Part #2—Cultivating and Reporting Back–Social Networking and Major Gifts a 3-part Series

How are those Google Alerts and Tweetbeeps working for you?  I hope you’ve been able to see how they can help you get to know your donors.

Now, I want to turn to how to use Social Networking tools to further cultivate and report back to donors.  You may have read one of my earlier posts about the importance of reporting back to donors in order to show them how their gifts made a difference.  It’s absolutely crucial.

Unfortunately, it’s one of the many barriers development directors and major gift officers run into within their own organization.  This just has to get solved.  If you are going to survive as an organization you have to be able to quickly report back the impact of a donor’s gift.

What’s great though is that we have all these cool social networking tools to be creative and to  (and, yes, cheaply) tell our donors how they have made a difference.

Tools such as: Twitter, Facebook, Youtube, Flickr, WordPress, Ipadio , QR codes and PURL’s (personal URL’s)  all have the ability to enhance your donor’s experience with your organization.

Imagine this happening:  You have five of your caseload donors helping to build a school in Haiti.  Traditionally, you’d get a report from the field, re-write it with a few pictures at the home office and mail it or e-mail it to your donor. That’s fine, nothing wrong with that, but today we can do so much more.

Now, you can have someone in the field video or use Ipadio updates as the school is being built.  You send the update via a direct Tweet, Facebook update or e-mail that directs the donor to their PURL where they can see or hear first hand what is happening with the project they are funding.

I mean, think about how powerful that is for the donor.  Here they are sitting at Starbucks in Denver enjoying their morning coffee and they get a direct tweet, which links them to a two-minute video of the walls of the school going up and grateful kids cheering…all of this happening minutes ago!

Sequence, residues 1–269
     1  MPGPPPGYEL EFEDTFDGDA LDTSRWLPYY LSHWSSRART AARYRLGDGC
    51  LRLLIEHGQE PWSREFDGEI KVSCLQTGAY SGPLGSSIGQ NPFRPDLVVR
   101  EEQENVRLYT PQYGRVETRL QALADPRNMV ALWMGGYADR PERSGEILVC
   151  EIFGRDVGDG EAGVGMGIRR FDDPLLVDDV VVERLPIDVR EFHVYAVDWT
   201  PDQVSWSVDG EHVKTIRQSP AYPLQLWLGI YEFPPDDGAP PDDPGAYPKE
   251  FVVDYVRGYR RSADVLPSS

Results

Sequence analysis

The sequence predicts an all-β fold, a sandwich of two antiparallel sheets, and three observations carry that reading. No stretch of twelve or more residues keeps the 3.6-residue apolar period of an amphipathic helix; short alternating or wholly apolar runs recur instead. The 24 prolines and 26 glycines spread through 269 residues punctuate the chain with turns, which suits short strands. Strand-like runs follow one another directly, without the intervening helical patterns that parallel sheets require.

Is that incredible or what?

What a great time to be a fundraiser, huh?  There are so many tools out there for you to be creative, cost-effective and deliver an emotional message to your donors, which will help them feel great about their investment.

Now, the key is to get the folks in your organization on board.  Start researching these tools and show folks the power these tools have to reach your donors in new and exciting ways.

Remember, you will NOT survive if you cannot effectively tell donors how their investments made an impact and difference.

It’s an exciting time to wow your donors.  Start now.

Jeff

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About Jeff Schreifels and Richard Perry

Jeff Schreifels and Richard Perry have over 55 years of experience fundraising for non-profits. Richard Perry was co-owner of Domain Group until 2005. Jeff Schreifels was a Senior Strategist for Domain Group for 12 years. They came together a few years ago to start Veritus Group, a full-service major gift fundraising agency. Veritus Group has a unique, data-driven approach unlike any agency focused on major gifts. Jeff and Richard are passionate about their work, passionate about life and hopes this blog will provide you with insights and tangible benefits for you and your work. Thank you for reading!
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3 Responses to Part #2—Cultivating and Reporting Back–Social Networking and Major Gifts a 3-part Series

  1. Leigh Ann Cardenas says:

    What are you thoughts about reporting back to donors who give to the unrestricted, general fund? Or someone whose prior gifts have supported something that wasn’t a capital project? Even though we underscore the need for unrestricted giving to support the full mission of our organization, you can’t really send a video about that. Thanks.

    • Leigh Ann, if you do not know the donors intent of your gift and have marked it as a generic general fund gift, then I would send reports back to that donor about the organizations overall accomplishments during the course of the year. This could be a quarterly e-update you send to your donors highlighting one of your programs and the impact it has made.

      • Leigh Ann Cardenas says:

        Thanks! One of our MGOs does this via snail mail about twice a year to the donors in his region. It’s a bit of a labor intensive process, and I’d love to do more on the digital side, but we’re struggling there. Our donor base skews to 60+, and while we are getting new donors with email addresses every day, the consistent base has not responded to our attempts to “go digital.” P.S. Your blog is spot on every time. Not a posting has been made that didn’t ring true. Keep it up!

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